Facilitation Skills: Effective Meetings With Difficult People

When it comes to facilitation, it’s not enough to simply have a meeting agenda. Leading a successful discussion often comes down to managing different types of people—and the more difficult the personalities in the room, the harder it is. Successful facilitators adapt their style to meet the needs of the group, and by doing so, draw the best ideas out of their team.

We’ve identified some tough personas you might encounter in meetings and how to tweak your facilitation plan to better manage them. You might recognize these types from your own team, or—gasp!—you might even be one yourself.


While it seems like ramblers just like to hear themselves talk, many are actually thinking out loud and speaking before they have a fully formed idea. Brainstorming is great, but it’s more productive when ideas are better defined before being presented to a group. Ask ramblers to summarize their thoughts into a few bullet points, and then sketch them out to help them focus their thoughts.


Playing devil’s advocate has its place—but when a group is sharing ideas, arguing against their merits stifles productive discussion. Contrarians can cause less confident team members to hold back ideas, which can ultimately lead to fewer contributions to the group. Urge contrarians to expand on ideas rather than criticizing them, and to keep all comments positive. Set rules of the room right away if you know you’ll have a contrarian in the room.


In meetings, ideas will always arise that aren’t on the agenda. Sidetrackers can derail a meeting with too many off-topic discussions. This is where the “parking lot” comes in—a running list of items that come up during a meeting that are worth addressing at another time. The parking lot is helpful for allowing sidetrackers to be heard while also keeping the meeting on-track.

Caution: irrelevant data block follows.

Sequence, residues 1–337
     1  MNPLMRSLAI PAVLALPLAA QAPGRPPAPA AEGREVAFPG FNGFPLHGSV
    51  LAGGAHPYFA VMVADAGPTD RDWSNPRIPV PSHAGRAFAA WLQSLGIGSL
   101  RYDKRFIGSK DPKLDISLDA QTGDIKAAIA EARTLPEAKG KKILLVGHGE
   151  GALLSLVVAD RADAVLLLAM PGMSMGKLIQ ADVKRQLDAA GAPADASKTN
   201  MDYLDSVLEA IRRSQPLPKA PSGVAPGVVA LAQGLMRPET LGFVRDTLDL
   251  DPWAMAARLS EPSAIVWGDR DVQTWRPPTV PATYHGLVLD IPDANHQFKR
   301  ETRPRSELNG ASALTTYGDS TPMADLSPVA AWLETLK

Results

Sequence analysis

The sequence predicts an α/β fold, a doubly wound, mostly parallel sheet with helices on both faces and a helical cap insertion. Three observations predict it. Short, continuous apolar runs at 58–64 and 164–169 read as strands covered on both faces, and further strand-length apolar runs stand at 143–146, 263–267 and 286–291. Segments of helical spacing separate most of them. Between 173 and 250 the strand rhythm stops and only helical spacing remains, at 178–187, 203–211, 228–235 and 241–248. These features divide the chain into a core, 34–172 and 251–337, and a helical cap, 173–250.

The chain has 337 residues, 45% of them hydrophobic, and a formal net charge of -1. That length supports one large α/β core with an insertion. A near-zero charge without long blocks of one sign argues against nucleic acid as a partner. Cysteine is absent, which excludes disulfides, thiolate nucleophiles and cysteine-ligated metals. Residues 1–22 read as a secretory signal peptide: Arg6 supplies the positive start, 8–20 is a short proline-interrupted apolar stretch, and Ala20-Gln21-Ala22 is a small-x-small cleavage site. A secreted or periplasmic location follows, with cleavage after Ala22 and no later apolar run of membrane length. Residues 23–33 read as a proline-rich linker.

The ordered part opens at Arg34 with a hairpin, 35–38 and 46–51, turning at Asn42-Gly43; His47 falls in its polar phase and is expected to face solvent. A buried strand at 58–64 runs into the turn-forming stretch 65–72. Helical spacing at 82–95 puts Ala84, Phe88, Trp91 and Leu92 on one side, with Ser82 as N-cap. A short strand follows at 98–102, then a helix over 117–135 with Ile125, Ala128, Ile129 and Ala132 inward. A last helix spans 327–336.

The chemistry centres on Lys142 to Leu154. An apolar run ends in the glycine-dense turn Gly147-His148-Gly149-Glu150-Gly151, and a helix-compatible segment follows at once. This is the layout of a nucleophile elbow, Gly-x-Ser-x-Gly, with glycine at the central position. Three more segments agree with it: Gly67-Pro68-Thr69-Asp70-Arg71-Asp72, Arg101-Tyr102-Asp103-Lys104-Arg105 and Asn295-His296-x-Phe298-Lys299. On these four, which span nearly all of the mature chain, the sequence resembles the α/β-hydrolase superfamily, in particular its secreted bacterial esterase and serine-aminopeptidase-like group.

Insistent Sidetrackers

Some sidetrackers keep hammering away at an idea long after it’s been added to the parking lot, disrupting the discussion and making it more difficult to address items on the agenda. A way to deal with insistent sidetrackers is to allow the group to vote on whether to continue the discussion. If team members believe the topic is important enough to discuss, either allow a set amount of time for it, or schedule an alternate meeting.


Bulldozers push their own agenda—as opposed to working as part of a team. Bulldozers are similar to sidetrackers in that they derail meeting productivity, but the difference is that bulldozers stick to the topic at hand while dominating the discussion and interrupting other team members. As a facilitator, it’s important to protect those being bulldozed. Ask other group members to finish or repeat their points if interrupted. The more you give the floor to other people’s contributions, the less power the bulldozer will have over the group.

Quiet Types

There are a few different reasons why someone may be quiet during meetings. They may be shy, intimidated, or just someone who only speaks when they feel they have something important to say. Directly asking them for thoughts may make them uncomfortable, so it’s important to find easier ways for them to contribute. Have the group write down ideas to hand over to the facilitator. Alternatively, break into smaller groups for more focused problem-solving to help make this type feel more comfortable opening up.

For All Types: Empathy is Key

Empathy goes a long way toward dealing with people we perceive as difficult to work with in meetings. When prepping for a meeting, spend time not just on the agenda, but on the participants. One by one, what is each person’s biggest priority? Biggest fear? Biggest strength? Then design the experience to account for it and be prepared to change on the fly.

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Andy Hagerman
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